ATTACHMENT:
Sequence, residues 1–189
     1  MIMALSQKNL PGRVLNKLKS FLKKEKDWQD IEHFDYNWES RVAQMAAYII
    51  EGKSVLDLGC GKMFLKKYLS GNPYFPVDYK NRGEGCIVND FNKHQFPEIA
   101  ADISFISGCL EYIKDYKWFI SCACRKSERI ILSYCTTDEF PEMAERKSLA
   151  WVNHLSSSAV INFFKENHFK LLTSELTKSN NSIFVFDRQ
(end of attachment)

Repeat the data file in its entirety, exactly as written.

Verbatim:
Sequence, residues 1–189
     1  MIMALSQKNL PGRVLNKLKS FLKKEKDWQD IEHFDYNWES RVAQMAAYII
    51  EGKSVLDLGC GKMFLKKYLS GNPYFPVDYK NRGEGCIVND FNKHQFPEIA
   101  ADISFISGCL EYIKDYKWFI SCACRKSERI ILSYCTTDEF PEMAERKSLA
   151  WVNHLSSSAV INFFKENHFK LLTSELTKSN NSIFVFDRQ